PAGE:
SharePoint in the Clouds: Choosing Between Office 365 or Azure

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Every time I read about “the cloud” I want to drag out a red pencil and edit the sentence. Why? Because we should really be talking about “the clouds,” plural.

There are dozens of cloud hosting options for SharePoint, beyond Office 365. Amazon, Rackspace and Fpweb offer compelling alternatives to Microsoft’s public cloud for SharePoint online with a mix of capabilities.

Will Oracle Ever Make Investors Smile Again?

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Larry Ellison is confident in Oracle Corp. Just listen to what the CEO just said as the company posted fiscal 2014 fourth quarter numbers:

Oracle is now the second largest Software-as-a-Service (SaaS) company in the world, ... In SaaS, we're in front of everybody but Salesforce. In infrastructure-as-a-service (IaaS), we're larger and more profitable than Rackspace. We have by far the most complete portfolio of modern SaaS and Platform-as-a-Service (PaaS) products in the industry."

But if you listen to investors and Wall Street analysts, confidence and Oracle are not synonymous.

One analyst called Oracle's numbers this week "an all-around miss."  Analysts were expecting 95 cents per share on $11.48 billion in revenue. They got 92 cents a share on revenue of $11.3 billion. 

Pivotal's Cloud Foundry Gives Enterprises New Mojo

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Enterprise computing needs some new mojo — and if Pivotal CEO Paul Maritz and his crew have their way, it will first be built — and then found — atop their brand of Cloud Foundry.

Bear with us as we explain this because Cloud Foundry is an Apache Open Source project that will soon be governed by a foundation and leveraged by as many as 34 vendors (thus far). Pivotal CF is an enterprise-grade Platform as a Service (PaaS) that EMC and VMware spinoff Pivotal provides. It is powered by Cloud Foundry.

Sound complicated? Just think of Cloud Foundry as the Cloud’s Linux.

Cloud Foundry Unveils Computing's 3rd Era #CFSummit

Unless you’ve had your ears plugged and your eyes closed for the past few years, you know that we’re quickly moving away from computing’s 2nd Era and onto the 3rd.

We’ve heard it said that the only industry sector that’s growing more slowly than the one made up of computing’s client-server companies is the tobacco industry.

"Wow!," we said when we heard that. We knew the world was going the way of cloud. We just didn’t know it was happening this quickly.

IBM's Offers: Customizable Cloud Apps for Business

IBM has upped the stakes in the cloud space with its announcement of a new set of cloud packages that will put it ahead of more traditional cloud offerings from competitors like Amazon and Microsoft.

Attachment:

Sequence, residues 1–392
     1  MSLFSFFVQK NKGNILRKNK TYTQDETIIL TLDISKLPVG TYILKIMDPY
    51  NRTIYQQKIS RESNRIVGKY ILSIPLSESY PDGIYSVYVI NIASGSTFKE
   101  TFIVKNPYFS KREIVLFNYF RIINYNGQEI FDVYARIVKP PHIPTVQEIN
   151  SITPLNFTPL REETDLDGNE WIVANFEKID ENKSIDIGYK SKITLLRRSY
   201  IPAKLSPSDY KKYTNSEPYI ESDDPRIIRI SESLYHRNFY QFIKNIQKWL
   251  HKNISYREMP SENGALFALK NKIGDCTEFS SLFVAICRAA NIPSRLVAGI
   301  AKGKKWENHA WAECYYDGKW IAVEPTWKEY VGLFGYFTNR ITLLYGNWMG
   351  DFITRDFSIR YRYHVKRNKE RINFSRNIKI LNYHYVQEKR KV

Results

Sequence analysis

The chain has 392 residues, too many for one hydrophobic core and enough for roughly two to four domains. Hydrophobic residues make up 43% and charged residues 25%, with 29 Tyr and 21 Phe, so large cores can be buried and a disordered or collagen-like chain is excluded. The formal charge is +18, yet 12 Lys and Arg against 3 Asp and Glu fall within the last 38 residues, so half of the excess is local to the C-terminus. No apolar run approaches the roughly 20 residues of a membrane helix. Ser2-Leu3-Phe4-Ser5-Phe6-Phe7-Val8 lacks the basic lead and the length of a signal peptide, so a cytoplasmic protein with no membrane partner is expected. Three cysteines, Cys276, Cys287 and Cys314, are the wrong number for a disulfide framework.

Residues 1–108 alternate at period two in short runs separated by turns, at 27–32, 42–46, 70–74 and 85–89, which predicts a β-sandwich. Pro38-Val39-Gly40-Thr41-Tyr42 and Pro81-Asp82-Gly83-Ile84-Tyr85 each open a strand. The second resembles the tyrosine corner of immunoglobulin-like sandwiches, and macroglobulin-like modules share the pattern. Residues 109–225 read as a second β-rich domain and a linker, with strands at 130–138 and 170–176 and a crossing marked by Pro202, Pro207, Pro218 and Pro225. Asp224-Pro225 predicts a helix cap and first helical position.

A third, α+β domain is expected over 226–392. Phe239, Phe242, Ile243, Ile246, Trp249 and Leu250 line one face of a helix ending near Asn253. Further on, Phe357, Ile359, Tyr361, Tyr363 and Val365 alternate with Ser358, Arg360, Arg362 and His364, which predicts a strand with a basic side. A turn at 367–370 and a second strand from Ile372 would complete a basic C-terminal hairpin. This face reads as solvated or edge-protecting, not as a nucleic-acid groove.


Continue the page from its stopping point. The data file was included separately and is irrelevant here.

Under the umbrella title of IBM Global Business Services, IBM is offering organizations the possibility of mixing and matching a number of IBM technologies and services to meet the needs of the organization as they arise.

SharePoint in the Cloud: You Have Options

When it comes to hosting SharePoint on premises or moving it into the cloud, there is never one right answer. Companies need to understand every hosting option available to them and find the one that best fits their available resources and technical needs. In this article, we’re going to take a look at the available platforms and who might benefit most from each.

Forrester Names HP, Cisco, Microsoft Top Private Cloud Vendors

Private cloud computing is going mainstream. It has moved from a technology limited to a handful of innovative enterprises to a technology that has been prioritized for development in the next 12 months by more than half the enterprises surveyed, according to new Forrester research. Differentiation between competing vendors now lies in user experience, ease of use and the provision of hybrid environments. 

2013: The Year of Mass Cloud Computing Extinctions

Information Management, 2013: The Year of Mass Cloud Computing ExtinctionsCloud computing provides tremendous value for businesses of all types. But as we can see from the number of products that shut down in 2013, it isn't all a silver lining. 

Google Targets Amazon, IBM, Microsoft with Broader Cloud Platform

After more than a year in preview, Google has finally made its Google Compute Engine (GCE) Generally Available (GA). The GA release also comes with a 10 percent price cut for standard instances and a guaranteed uptime of 99.95 percent.

The announcement, which appears in a blog post by Ari Balogh, vice president of storage infrastructure products at Google, pits Google against the likes of Amazon, IBM and Microsoft for a share of the public cloud computing market.

Battle For Government Contracts Heats Up as Oracle Releases Government Cloud

Oracle Government Cloud.jpgOracle has just announced the release of its Government Cloud to give government users access to what Oracle describes as mission critical applications. However, the real benefit here is the agility it offers, not to mention the foothold it gives it in the battle for government contracts.